Thursday, October 22, 2015

Kanangra - the view from the top

Moi on the plateau

the sky speaking
through a muffler of clouds
something about rain

I’ve just come back from another ‘book’ trip  -

to Kanangra with Dave Noble. Our timing was good - just before the thunderstorms took hold of the Sydney region. 

a photo stop
the flies gather round Dave
for a possible bite

 Here are some of his (extraordinary) and my (ordinary) photographs.

the coal seam cave
 So many things to see! Caves! orchids! flowers! waterfalls! water pooling in rock hollows! native bees! stone! distant valleys and mountains! 

striated rock orchid - Dockrillia striolata

the falcon shifts his stance

soars away

Peregrine falcon

And to hear - many different birds! lyrebird, bowerbird, whipbird, white-throated treecreeper, currawong, flies, always the flies. 

Stypandra glauca

All the flutterbies were out. There was a beautiful green-striped one - green for "Go!". This one, on the pea flowers,  was less fluttery.

Sunday, October 11, 2015

Cox's river

who is more frightened
the brown snake
or me

Ten years ago I walked down Cox’s river with ecologist Clive Heywood Barker and I wrote about it for my book “Into the Blue”. Last week I did the walk again as a leader for  the Conservation Society Saturday walkers. It was a hot day and I planned to get to the junction with Little river. The walk touched on the nineteenth-century history of contact between the original Gundungurra inhabitants and the new settlers. We stopped at the O'Reillys’ shack at Cullenbenbong. What is left is the kitchen, which was built separately in case there was a fire. This was a common practise for settlers.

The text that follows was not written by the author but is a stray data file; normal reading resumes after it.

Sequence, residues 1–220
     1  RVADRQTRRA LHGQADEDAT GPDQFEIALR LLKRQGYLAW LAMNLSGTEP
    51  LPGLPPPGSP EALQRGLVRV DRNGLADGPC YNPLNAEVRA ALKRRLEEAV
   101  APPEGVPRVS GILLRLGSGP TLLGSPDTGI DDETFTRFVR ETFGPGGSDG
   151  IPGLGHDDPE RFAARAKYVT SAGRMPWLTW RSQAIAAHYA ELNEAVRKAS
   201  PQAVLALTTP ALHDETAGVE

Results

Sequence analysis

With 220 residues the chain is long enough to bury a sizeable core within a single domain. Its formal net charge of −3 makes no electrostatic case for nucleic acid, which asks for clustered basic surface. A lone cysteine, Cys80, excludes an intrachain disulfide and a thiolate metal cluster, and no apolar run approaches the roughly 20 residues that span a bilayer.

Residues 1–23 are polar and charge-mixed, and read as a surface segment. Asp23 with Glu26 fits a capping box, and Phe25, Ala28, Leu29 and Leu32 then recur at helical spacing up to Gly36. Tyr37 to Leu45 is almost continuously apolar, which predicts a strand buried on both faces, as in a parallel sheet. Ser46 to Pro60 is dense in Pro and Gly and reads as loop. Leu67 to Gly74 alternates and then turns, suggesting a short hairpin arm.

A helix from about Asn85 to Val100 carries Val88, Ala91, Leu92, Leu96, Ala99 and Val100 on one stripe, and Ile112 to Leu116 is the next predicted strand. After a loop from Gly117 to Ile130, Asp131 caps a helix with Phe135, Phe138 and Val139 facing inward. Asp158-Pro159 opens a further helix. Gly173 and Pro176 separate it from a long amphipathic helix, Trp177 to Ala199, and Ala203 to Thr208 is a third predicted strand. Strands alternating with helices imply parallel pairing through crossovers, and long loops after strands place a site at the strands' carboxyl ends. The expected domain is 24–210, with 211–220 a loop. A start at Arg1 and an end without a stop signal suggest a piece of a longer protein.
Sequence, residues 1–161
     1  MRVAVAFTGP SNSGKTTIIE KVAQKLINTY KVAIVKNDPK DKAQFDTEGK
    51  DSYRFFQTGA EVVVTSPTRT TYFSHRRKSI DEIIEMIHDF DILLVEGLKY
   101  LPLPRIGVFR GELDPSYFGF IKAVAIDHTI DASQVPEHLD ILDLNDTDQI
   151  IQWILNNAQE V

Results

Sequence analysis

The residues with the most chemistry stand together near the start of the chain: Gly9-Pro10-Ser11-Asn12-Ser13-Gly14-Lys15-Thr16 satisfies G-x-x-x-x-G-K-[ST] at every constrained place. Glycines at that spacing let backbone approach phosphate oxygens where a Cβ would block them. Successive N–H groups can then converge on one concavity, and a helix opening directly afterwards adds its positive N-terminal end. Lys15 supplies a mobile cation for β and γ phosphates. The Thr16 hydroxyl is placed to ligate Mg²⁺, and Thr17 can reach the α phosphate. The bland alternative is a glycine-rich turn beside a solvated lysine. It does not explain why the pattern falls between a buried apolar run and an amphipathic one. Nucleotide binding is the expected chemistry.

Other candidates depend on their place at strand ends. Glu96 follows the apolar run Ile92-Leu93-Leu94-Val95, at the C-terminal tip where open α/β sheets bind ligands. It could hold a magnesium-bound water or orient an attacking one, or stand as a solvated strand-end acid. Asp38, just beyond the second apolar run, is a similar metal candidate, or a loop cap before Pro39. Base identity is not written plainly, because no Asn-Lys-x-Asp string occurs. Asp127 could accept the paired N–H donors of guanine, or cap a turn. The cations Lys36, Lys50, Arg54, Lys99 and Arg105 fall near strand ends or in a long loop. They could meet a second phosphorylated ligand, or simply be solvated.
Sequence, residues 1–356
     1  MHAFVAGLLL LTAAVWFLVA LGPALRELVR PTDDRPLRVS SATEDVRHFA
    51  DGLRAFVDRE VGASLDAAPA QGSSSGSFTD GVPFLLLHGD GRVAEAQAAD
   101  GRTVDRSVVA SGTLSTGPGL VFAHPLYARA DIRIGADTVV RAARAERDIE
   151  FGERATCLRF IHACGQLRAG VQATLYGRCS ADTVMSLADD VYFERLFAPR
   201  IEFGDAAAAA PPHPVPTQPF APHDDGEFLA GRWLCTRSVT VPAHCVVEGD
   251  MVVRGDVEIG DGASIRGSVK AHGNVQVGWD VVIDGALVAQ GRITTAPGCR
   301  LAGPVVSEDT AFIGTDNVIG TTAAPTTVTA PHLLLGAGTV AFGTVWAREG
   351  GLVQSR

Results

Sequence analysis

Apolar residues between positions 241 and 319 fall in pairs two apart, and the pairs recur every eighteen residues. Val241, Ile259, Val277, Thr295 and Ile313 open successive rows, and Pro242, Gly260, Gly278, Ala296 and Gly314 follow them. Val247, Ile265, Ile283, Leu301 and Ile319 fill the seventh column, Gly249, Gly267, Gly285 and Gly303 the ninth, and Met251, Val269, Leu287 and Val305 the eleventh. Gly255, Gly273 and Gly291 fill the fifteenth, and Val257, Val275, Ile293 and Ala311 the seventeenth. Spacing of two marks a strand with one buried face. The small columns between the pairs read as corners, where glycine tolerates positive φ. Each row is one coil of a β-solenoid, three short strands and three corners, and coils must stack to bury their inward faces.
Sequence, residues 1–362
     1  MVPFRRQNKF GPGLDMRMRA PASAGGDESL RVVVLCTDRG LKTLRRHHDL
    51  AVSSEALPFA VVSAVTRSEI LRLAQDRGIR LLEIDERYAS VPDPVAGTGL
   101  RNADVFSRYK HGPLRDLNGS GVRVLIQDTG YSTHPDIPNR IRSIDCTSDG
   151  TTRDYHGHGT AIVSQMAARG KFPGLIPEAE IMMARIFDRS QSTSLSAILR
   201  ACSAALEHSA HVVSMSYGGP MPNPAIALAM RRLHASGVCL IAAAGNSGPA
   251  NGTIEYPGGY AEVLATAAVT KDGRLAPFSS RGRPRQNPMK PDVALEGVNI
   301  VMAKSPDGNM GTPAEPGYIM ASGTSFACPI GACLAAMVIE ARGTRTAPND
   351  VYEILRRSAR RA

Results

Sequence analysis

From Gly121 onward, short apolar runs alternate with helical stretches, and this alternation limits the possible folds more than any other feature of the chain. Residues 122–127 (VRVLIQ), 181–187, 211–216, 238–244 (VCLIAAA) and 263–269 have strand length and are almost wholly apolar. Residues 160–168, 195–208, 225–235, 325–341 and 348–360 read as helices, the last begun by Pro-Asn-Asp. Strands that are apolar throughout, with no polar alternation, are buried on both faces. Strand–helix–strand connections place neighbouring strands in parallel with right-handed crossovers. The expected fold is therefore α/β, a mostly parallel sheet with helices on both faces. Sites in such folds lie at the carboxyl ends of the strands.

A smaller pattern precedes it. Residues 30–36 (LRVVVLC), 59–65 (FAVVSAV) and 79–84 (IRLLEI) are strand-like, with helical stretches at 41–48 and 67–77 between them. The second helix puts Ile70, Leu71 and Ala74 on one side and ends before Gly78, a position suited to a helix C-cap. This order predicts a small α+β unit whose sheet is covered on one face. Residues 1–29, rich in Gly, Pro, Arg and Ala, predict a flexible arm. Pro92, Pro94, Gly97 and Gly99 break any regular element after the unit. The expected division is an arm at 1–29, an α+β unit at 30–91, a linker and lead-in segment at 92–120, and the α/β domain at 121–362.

Bernard O’Reilly’s reminiscence of his childhood in “Cullenbenbong”  included memories of the Lynches, indigenous people who had to surf the massive changes brought about by white settlement. Next we drove to the traditional campground on the Cox's river, where their family (Lynches) bought a selection in the 1880’s. Our walk started here. 

After crossing the river, we walked downstream. We came across quite a few other walkers, and a father and son fishing. The Dad was frustrated by the number of European carp swarming the river (Warwick had seen them at the crossing). No trout, he said. 

By contrast there were quite a few snakes. They've come out of torpor and are a bit sluggish, so we were on the lookout for non-sticks that might resent being trodden on. 

We didn't quite make it to Little river junction. It was a hot day, so ambling along, first in the shade of Casuarina cunninghamiana (river oak) trees, and then along the granite banks, was perfectly fine. On the way back Harold and I took a swim in a large pool - deliciously cool, and in places there was sand underfoot for a massage. 

Thanks to Bob and Harold for some of the photos.